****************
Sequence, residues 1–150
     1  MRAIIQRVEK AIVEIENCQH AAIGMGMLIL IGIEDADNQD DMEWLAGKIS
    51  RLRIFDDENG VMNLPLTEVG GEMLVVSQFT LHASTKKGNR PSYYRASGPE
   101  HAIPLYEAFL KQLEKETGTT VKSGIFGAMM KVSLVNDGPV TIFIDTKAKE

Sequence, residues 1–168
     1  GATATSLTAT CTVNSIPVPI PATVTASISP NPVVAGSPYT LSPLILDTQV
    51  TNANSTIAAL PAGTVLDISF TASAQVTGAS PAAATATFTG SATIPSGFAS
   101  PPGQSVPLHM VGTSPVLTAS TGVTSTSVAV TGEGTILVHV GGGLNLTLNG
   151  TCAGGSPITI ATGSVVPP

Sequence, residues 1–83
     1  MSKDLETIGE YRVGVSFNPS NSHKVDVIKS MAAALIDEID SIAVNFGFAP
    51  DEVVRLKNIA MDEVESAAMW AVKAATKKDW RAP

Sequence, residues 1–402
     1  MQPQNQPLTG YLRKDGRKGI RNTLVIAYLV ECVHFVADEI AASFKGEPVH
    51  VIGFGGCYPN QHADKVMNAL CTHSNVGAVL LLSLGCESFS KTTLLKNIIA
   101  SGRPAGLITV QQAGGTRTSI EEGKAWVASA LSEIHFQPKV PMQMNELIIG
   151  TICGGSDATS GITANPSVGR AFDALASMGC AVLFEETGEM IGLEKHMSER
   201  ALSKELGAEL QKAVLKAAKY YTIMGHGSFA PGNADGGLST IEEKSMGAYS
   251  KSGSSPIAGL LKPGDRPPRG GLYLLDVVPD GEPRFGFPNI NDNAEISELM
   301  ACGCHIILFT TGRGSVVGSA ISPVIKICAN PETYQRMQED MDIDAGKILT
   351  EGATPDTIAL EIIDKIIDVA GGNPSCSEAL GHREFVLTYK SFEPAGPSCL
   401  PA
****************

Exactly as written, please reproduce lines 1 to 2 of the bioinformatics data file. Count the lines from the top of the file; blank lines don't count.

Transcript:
Sequence, residues 1–150
     1  MRAIIQRVEK AIVEIENCQH AAIGMGMLIL IGIEDADNQD DMEWLAGKIS